As the founder of his own digital business, Sports Geek, the fervent Pies and Detroit Pistons fan has combined his two loves of marketing and elite athletics in an effort to bring those in the outer closer as close to the boundary line as possible.
If you’re anything like me, the mechanics of what Callana does for a living will be as far as a Boeing above your head, but as the man himself told Zero Hanger, his platform for one of four boardroom seats follows his simple business philosophy.
“I want to help Collingwood better connect with their fans and members because I believe they are vital for the success of the club,” he explained.
Callanan also pointed to the fact that these means would allow the many millennials with a love for the Magpies greater access to the ticking hands of the organisation.
“We need both a happy, engaged and growing fanbase, and the key for growth is to connect with younger generations that aren’t consuming their media via traditional means of TV, radio and print,” he continued.
“They’re consuming via digital streams almost exclusively, so we need to make sure that the younger demographic is engaged to secure Collingwood’s future.”
The enthusiastic and insightful candidate also stressed that his expertise was “required at a board level” and that his day job had seen him successfully pitch his stance to suits both near and far.
“At Sports Geek, I’m constantly convincing CEOs and boards on why they should invest in digital and where it pays off as far as fan growth and commercial opportunities are concerned,” Callanan expressed.
“What I’ve seen globally is that when you have a digital focus up the top, it really opens up a lot of opportunities.”
And while he believed Collingwood’s brand was renowned from Broome to Burnie and from Cook Town to Colac, Callanan raised the identity of an NBA powerhouse as the club’s true ceiling.
“Looking at teams like the Golden State Warriors who are very much led by digital innovators up the top and they’ve been able to build a global fanbase,” he stated.
“I think giving digital knowledge and sports technology expertise a seat on the board will give Collingwood a huge advantage in this space.”
Having worked with sporting franchises such as the Minnesota Timberwolves and the Washington Football Team in his travels, Callanan has also combined forces with Collingwood on a professional level between 2010 and 2016.
Yet, it is the upbeat goal setter’s lack of tethers that he believes stands him in the best stead before the closing of the polls.
“I’m really putting myself out there as an independent voice for members,” Callanan proudly touted.
“I think for too long there has been a disconnect between the board and the members. I’ve been pretty open in my campaign to be available to members and to hear their key issues and concerns.”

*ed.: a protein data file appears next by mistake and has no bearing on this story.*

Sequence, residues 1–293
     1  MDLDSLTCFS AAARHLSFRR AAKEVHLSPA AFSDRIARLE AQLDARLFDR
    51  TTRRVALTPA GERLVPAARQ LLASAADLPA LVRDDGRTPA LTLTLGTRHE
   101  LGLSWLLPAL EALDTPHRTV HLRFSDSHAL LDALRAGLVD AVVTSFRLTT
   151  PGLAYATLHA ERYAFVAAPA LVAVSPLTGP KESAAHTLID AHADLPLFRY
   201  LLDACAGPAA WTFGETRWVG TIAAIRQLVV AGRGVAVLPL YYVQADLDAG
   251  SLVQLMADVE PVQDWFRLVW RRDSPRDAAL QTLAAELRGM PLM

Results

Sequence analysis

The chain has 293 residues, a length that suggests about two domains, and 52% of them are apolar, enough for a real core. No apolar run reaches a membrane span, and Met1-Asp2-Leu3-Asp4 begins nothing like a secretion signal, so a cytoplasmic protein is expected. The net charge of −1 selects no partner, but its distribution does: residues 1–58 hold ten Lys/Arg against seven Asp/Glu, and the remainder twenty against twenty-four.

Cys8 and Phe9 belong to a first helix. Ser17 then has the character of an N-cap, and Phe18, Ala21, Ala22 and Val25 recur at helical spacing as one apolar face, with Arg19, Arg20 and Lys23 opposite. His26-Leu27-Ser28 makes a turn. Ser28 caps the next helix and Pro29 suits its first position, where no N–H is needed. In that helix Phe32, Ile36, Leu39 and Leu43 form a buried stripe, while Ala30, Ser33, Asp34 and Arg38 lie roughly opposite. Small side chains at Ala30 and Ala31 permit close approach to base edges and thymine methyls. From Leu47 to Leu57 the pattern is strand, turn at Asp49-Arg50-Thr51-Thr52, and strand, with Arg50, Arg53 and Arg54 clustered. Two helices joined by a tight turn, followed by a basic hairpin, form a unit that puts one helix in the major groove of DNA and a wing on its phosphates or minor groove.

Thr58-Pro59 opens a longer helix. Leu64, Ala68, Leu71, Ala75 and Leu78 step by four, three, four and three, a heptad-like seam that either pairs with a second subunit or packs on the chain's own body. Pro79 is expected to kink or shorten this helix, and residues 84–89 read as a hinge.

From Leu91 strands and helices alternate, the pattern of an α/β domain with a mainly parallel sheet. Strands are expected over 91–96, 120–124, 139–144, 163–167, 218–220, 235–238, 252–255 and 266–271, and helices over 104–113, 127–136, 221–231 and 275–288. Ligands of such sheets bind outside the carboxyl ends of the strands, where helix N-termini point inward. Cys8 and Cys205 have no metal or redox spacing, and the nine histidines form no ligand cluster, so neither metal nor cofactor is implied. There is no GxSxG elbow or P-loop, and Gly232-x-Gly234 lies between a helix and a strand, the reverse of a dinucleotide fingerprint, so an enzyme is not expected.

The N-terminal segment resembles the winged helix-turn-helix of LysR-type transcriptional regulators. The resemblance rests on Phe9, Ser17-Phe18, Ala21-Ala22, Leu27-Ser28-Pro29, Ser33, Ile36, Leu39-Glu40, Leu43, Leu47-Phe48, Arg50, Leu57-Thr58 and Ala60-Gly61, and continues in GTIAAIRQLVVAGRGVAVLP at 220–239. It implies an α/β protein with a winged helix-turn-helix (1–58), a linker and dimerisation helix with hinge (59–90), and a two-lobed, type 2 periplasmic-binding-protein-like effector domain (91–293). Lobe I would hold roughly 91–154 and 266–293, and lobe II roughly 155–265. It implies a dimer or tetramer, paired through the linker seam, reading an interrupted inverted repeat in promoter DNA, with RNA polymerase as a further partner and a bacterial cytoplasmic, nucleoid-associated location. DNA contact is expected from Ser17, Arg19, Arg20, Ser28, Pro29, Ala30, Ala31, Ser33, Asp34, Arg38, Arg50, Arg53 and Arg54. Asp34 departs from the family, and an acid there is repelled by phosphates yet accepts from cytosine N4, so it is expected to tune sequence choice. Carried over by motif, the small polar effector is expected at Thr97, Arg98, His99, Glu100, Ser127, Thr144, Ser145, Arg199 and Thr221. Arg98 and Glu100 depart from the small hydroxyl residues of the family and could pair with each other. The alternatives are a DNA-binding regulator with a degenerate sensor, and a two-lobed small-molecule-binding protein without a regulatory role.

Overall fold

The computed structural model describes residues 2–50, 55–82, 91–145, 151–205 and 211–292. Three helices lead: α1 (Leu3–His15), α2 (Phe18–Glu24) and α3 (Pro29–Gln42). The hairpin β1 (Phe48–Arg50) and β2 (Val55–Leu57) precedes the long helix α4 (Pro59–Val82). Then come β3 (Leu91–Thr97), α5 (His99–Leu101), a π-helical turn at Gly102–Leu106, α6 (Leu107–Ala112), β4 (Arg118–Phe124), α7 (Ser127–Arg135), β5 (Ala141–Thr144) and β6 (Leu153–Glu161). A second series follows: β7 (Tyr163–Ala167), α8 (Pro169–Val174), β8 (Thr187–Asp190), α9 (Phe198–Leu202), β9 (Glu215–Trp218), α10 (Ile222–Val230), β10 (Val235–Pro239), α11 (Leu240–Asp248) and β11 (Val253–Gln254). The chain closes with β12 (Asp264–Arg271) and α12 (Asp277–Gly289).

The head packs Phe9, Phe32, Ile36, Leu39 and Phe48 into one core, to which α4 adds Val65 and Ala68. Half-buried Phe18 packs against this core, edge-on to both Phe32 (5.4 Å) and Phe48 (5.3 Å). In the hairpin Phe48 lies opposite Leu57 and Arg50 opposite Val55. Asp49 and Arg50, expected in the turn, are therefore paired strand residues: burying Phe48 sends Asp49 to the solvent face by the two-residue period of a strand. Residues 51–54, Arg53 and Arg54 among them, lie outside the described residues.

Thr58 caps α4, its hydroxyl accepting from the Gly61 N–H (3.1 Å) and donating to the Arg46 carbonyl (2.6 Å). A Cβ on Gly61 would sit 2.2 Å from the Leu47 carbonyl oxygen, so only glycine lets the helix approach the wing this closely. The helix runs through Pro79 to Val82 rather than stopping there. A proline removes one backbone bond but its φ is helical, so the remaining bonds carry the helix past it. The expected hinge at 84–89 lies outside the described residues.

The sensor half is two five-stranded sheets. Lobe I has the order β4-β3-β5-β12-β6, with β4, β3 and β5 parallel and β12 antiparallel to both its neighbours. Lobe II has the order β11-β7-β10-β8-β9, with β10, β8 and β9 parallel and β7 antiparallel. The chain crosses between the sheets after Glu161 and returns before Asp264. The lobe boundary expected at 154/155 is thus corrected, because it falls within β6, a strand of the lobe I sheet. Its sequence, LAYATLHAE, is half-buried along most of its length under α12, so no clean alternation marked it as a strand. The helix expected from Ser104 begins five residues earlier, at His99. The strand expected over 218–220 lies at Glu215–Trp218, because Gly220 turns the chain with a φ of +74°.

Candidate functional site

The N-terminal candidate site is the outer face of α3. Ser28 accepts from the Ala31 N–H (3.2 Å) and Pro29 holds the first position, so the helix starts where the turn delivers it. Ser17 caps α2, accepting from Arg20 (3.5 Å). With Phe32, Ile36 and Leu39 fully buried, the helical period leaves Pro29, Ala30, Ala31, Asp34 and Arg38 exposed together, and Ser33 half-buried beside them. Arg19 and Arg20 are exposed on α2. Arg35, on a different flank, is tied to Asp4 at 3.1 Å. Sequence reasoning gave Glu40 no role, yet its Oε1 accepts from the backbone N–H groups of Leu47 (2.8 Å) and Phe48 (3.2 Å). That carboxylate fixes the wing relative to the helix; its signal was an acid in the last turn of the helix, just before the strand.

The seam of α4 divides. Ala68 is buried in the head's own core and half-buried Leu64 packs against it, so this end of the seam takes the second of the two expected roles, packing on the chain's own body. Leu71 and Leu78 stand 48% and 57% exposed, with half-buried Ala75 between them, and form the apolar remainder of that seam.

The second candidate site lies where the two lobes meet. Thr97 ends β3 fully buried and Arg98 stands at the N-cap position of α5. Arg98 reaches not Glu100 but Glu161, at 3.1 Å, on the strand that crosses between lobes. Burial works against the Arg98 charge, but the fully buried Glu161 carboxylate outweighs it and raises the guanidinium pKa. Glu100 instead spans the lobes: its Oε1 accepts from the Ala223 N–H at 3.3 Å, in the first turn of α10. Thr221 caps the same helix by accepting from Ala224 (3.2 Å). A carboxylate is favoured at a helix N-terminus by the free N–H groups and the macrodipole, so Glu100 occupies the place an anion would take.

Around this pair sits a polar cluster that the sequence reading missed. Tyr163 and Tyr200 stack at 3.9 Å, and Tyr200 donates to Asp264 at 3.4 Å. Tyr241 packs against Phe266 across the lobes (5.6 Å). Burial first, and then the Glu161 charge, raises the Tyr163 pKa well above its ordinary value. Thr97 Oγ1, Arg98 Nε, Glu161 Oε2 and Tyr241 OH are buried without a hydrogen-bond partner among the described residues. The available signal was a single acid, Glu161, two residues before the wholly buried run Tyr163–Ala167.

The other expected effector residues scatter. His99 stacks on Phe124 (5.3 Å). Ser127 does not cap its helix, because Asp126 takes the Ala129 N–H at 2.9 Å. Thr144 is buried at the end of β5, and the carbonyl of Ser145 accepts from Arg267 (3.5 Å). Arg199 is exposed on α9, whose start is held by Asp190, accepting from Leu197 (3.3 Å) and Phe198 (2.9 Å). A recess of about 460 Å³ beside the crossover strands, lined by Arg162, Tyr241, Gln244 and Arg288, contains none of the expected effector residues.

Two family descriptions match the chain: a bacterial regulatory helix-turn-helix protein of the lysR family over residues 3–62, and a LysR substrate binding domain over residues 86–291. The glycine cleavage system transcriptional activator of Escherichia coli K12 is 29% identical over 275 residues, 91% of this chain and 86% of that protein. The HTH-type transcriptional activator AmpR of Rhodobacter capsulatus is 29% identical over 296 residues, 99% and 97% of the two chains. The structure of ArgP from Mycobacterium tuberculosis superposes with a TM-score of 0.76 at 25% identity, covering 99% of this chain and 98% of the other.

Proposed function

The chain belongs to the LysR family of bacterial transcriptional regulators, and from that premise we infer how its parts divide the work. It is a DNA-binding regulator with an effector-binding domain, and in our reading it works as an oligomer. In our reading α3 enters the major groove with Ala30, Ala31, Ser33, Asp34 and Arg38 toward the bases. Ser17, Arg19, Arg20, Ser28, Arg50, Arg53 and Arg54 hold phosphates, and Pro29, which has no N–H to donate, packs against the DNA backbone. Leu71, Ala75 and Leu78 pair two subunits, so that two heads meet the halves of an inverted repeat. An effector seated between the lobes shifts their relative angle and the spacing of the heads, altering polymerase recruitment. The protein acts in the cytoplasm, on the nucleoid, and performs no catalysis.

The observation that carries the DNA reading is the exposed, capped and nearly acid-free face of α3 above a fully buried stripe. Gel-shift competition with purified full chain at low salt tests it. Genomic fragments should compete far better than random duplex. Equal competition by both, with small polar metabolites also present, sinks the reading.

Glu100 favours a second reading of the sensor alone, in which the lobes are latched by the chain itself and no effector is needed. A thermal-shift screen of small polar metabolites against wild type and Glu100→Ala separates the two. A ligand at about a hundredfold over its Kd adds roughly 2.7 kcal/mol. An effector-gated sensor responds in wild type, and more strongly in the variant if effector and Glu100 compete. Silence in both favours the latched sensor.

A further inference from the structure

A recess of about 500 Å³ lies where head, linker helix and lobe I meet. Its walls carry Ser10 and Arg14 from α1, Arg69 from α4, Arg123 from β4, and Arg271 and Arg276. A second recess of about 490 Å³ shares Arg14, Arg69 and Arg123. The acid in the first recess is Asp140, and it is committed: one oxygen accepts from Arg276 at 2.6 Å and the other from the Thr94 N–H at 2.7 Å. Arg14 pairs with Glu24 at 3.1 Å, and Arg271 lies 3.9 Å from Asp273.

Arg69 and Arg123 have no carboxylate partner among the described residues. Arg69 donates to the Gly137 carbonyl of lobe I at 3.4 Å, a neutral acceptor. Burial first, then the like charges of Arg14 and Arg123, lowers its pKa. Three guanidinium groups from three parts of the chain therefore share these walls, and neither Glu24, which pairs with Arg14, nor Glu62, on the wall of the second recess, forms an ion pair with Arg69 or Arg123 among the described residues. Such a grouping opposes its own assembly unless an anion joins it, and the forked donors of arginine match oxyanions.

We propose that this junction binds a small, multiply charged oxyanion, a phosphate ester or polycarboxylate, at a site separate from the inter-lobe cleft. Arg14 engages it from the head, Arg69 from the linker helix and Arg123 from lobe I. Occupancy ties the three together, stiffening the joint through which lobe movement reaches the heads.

While expressing he remained open to relaying these views to the club himself, Callanan believed from his canvasing that one qualm stood out above the rest.
“There are big issues like the “Do Better” report and how the club is tackling the implementation and how they are communicating it,” he said.
“That’s something that I am super passionate about, and I know that it’s something Collingwood needs to address and needs to get better at.”
Before signing off with the message that he would be “honoured” with the votes of those who wished to see the likes of Pendlebury, Maynard and Moore turned into Steph, Draymond and Klay, Callanan was emphatic that new tech could also help mend some archaic ills.
“I think digital is a big part of not only communicating change but also seeing whether the club's process to improving on topics like racism is on track,” he said.
“Being more transparent and using digital to tell that particular story is really important.”
With a thorough understanding of the world at the end of our fingertips, Callanan’s credentials show that he is a man for the modern-day, just as his Grandpa Dave was adept at shutting down forwards over a century ago.
Sean Callanan also wished to express that he welcomed questions and thoughts from the Magpies' many members via his website.
Although clean collars and corporate control are de rigueur for many of these board hopefuls, should you read between the lines of their curriculum vitaes, the experiences of each candidate begins to drift towards differing.
While some nominees may have made their names via their own startups and others at the top end of town, to truly see Mark Febbraio at his finest, you’ll have to wait until he has his lab coat on.
“I’m a Professor of Cell Biology at Monash University and I’m also the Chief Scientific Officer and Founder of the biotechnology company, Kinomedica,” Febbraio told Zero Hanger.